Discontent City, a camp for people experiencing homelessness, is being discussed in B.C. Supreme Court in Nanaimo this week as the City of Nanaimo seeks a court injunction against camp occupants. NEWS BULLETIN file photo

Hearing begins to determine fate of Nanaimo’s Discontent City

City of Nanaimo’s legal counsel calls tent city disruptive

Discontent City has become a “vortex” for disruption and criminal behaviour.

That was one of the comments from Troy DeSouza, the City of Nanaimo’s legal counsel, during the first day of a scheduled two-day petition hearing in the Supreme Court of British Columbia.

The city filed a petition earlier this month, seeking a statutory injunction to shut down Discontent City and have its occupants removed from the vacant land at 1 Port Dr., which is located on the corners of Front Street and Esplanade. The petition names Mercedes Courtoreille, Gina Watson, Mike Pindar, Mystie Wintoneak, Kent Sexton, Dean Kory and “other unknown persons” as the respondents.

On Tuesday, Justice Ronald Skolrood heard arguments for and against Discontent City and its very existence at the Nanaimo courthouse, in the first day of a scheduled two-day hearing. There were no city councillors present during the hearing, which took place over five hours.

DeSouza laid out the city’s arguments for an injunction, explaining that many of the residents aren’t homeless, adding that there are youths who have homes who are living at the camp and taking intravenous drugs and prostituting themselves. He said Discontent City has created numerous health, safety, fire, legal and other issues since it was established.

“We are beyond tents now,” DeSouza said.

He said city staff worked hard and were able to arrange funding from B.C. Housing in order to provide more overnight shelter beds to homeless individuals at the First Unitarian Church. He also referenced various affidavits throughout the hearing.

In one instance a woman claims a number of campers were on her property and when she asked them to leave, they called her a “fat old cow” as well as a handful of other profane words, according to DeSouza, who also said that a tent city occupant came to the same woman’s building and “attempted to take” water from her building.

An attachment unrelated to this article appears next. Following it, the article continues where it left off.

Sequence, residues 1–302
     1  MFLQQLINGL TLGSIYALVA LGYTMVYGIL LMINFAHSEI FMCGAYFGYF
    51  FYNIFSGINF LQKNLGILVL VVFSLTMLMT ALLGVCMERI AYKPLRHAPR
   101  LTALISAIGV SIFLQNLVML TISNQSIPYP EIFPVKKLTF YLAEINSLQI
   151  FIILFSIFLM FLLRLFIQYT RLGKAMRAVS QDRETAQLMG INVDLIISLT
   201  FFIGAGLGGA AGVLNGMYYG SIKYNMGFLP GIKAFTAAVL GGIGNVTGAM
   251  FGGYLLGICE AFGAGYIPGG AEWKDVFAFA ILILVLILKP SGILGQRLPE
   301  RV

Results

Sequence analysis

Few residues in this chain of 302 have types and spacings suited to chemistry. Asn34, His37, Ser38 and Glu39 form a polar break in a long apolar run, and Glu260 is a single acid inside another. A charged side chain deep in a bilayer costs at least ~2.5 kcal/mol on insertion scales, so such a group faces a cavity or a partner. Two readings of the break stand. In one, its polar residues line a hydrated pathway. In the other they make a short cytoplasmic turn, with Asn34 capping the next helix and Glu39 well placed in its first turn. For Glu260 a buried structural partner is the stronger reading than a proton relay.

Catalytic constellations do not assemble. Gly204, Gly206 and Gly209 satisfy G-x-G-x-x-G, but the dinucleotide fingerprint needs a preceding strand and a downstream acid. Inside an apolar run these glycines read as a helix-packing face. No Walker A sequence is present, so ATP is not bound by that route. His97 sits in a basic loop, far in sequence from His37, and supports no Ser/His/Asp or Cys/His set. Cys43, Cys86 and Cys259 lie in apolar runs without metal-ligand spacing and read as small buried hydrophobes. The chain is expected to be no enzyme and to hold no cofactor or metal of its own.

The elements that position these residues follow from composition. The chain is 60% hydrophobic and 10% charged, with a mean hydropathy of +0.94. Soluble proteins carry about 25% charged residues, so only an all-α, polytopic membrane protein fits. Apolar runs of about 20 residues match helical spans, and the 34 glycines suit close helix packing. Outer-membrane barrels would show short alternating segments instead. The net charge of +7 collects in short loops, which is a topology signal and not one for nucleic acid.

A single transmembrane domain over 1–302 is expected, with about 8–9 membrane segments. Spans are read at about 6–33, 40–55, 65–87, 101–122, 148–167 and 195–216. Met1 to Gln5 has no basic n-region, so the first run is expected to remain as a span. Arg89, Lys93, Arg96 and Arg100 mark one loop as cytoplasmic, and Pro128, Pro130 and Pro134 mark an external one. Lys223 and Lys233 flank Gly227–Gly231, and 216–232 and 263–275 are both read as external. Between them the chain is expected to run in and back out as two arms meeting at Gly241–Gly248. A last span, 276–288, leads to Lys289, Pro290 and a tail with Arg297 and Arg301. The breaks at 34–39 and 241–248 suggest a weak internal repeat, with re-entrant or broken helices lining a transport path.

“In our view that is symptomatic of the kinds of disruption that ordinary citizens are facing in their lives and they should not have to face that,” DeSouza said.

However, Skolrood questioned how that a few individuals being rude to a nearby resident was the “fault of tent city.”

DeSouza disagreed, explaining that if tent city weren’t around, there wouldn’t be people stealing water there, nor would there have been an altercation.

“My Lord. They are not allowed to be at tent city. That’s the problem and so what happens is there is a location where they are not even permitted to be and it becomes a vortex of disruption and criminal activity,” DeSouza said.

It wasn’t until the afternoon that Noah Ross, attorney for Discontent City, was able to begin presenting arguments. Ross disputed the claim that the many of the individuals in the camp aren’t truly homeless. He pointed out that the city voted earlier this year against allowing a $7 million affordable housing project in Chase River that was funded by the province.

Ross also said there aren’t enough shelters for everyone, that the ones that do exist aren’t good enough, citing an affidavit from one man who claims he lived at one shelter but left because there were too many rules.

“He says he had to be in by six and could only leave for half an hour and that didn’t accomodate his lifestyle of seeing friends and being out,” Ross said, later explaining that residents at Discontent City feel a sense of community than they don’t have living alone on the street.

The hearing resumes Wednesday, July 18.


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